RCN and RCN regression

We follow the implementation and hyperparameters described in acharya2019tallyqa . We create RCN regression by changing the output dimension of the last linear layer from 15 to 1. This allows us to train the model with a MSE regression loss instead of a classification loss. We use the same hyperparameters as RCN.

6.3 Details about grounding experiments

COCO-Grounding dataset

Similarly to the work done in IRLC trott2018interpretable , we use the grounding ability as a proxy to evaluate the proper counting mechanism, and to assess the interpretability of models. To this end, we design COCO-Grounding, a dataset specifically designed to be usable in future work where visual features may be different than ours. Our dataset is composed of the 4459 images from MSCOCO (lin2014microsoftcoco, ) that can not be found in Visual Genome (krishna2017vgenome, ) and importantly not in the TallyQA training set. Each MSCOCO image is annotated with bounding boxes around objects associated with a category among 80 classes of objects. We use these classes to automatically generate simple questions about a given image using the "How many {class}?" pattern. The answer to a question is a count label obtained by counting the number of bounding boxes associated to the given {class}. We also generate questions associated to the count label 0 by sampling a random class among 80 that is not present on the image. We generate an equal number of 734 image-question-count triplets associated to the count label 0, 1 and 2, and generate all possible triplets for higher count labels (with a maximum label of 15) to reach a total number of 3311 triplets over 2139 images. This subset will be publicly released.

Evaluation metrics

Similarly to object detection models, our model can output bounding box predictions. We thus use a standard metric in object detection tasks everingham2015pascal ; lin2014microsoftcoco called mean average precision. It allows us to evaluate the ability of our model to detect the correct instances of objects to count in the image. We also introduce a novel grounding metric specifically designed for open-ended counting. We refer to it as GroundP for Grounding Precision. It is derived from the grounding metric in trott2018interpretable , with the difference that we use the ground truth bounding boxes as references to compute the grounding, instead of the bounding boxes extracted from the object detection model. This enables us to more accurately evaluate the grounding, and to compare models with different object detection models. The metric consists in weighting the scores assigned by our model to each proposed bounding box by the portion of their size that overlaps with the ground truth bounding boxes. More details are given in the next paragraph.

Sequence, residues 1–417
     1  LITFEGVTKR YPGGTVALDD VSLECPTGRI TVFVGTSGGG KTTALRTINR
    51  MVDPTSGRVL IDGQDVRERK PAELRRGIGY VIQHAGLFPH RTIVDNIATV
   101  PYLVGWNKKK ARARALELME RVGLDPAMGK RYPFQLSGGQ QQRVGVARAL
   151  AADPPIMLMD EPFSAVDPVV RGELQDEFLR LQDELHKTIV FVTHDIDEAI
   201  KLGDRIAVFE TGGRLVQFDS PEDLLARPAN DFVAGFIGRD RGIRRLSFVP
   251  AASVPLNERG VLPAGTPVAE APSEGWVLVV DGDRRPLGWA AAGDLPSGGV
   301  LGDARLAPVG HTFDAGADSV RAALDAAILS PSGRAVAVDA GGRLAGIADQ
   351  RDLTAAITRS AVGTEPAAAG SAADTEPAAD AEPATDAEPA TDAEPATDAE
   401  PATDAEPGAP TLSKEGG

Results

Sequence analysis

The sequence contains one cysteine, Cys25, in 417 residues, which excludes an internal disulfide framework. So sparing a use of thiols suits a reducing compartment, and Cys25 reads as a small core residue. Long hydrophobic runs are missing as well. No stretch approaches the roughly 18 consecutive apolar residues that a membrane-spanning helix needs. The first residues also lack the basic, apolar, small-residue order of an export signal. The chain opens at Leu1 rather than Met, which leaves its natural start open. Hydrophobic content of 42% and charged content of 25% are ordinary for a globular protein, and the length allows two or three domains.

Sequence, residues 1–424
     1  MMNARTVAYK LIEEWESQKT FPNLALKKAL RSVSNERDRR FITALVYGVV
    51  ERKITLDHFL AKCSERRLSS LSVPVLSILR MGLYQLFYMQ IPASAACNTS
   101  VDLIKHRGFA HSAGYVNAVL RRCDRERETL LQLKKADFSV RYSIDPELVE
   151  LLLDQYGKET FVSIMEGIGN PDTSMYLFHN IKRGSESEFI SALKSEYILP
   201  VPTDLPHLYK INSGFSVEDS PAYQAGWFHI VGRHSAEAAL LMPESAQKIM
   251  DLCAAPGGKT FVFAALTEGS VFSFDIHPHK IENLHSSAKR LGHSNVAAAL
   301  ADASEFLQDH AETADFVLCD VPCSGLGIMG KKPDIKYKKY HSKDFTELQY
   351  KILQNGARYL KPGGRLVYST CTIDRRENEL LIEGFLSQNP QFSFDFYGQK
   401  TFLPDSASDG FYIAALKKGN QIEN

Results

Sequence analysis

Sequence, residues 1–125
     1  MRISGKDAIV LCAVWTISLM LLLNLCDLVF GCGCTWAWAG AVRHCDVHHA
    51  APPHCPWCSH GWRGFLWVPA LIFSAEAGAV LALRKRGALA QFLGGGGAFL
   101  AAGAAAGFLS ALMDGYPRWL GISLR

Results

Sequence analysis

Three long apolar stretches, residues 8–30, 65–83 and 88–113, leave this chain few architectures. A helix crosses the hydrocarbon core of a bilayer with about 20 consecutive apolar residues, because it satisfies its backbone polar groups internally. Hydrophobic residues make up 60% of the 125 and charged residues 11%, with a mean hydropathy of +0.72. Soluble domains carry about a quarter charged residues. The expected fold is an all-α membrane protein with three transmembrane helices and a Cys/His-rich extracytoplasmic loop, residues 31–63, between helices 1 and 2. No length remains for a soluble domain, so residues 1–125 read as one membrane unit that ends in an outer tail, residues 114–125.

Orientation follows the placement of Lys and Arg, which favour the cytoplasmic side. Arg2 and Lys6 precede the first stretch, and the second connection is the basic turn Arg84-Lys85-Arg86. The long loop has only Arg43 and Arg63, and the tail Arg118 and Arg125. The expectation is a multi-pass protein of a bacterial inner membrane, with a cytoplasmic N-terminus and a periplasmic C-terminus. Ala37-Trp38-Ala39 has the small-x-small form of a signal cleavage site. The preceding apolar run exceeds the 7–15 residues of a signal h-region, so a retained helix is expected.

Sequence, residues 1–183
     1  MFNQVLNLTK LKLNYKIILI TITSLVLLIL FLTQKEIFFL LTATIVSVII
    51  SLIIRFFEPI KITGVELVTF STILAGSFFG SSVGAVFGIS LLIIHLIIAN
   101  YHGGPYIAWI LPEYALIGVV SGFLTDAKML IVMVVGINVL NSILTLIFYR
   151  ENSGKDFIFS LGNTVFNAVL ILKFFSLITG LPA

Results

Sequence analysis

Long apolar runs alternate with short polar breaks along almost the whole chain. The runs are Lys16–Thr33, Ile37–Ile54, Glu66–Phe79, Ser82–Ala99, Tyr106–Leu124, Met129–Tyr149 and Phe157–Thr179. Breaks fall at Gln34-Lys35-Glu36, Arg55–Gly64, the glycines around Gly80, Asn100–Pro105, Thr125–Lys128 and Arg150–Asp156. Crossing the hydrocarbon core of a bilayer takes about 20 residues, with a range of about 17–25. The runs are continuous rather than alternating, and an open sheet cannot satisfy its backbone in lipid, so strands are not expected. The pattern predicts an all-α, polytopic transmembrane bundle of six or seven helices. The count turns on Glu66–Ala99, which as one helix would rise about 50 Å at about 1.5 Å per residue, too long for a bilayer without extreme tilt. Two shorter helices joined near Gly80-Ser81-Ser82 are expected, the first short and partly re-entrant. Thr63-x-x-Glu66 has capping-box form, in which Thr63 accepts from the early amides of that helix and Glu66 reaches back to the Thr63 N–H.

Details about our GroundP metric

For each input triplet , we have a set of ground truth bounding boxes . We note the union of all those bounding boxes. It represents the total area of counted objects. For this triplet , our object detection model returns us region proposals . Our model returns, for each region, a score . The final score is . For every proposed bounding box , we compute its precision (the intersection with ground truth bounding boxes over its own area). A precision of 1 means that the bounding box is totally in the ground truth area, whereas a precision of 0 means that is is totally disjoint.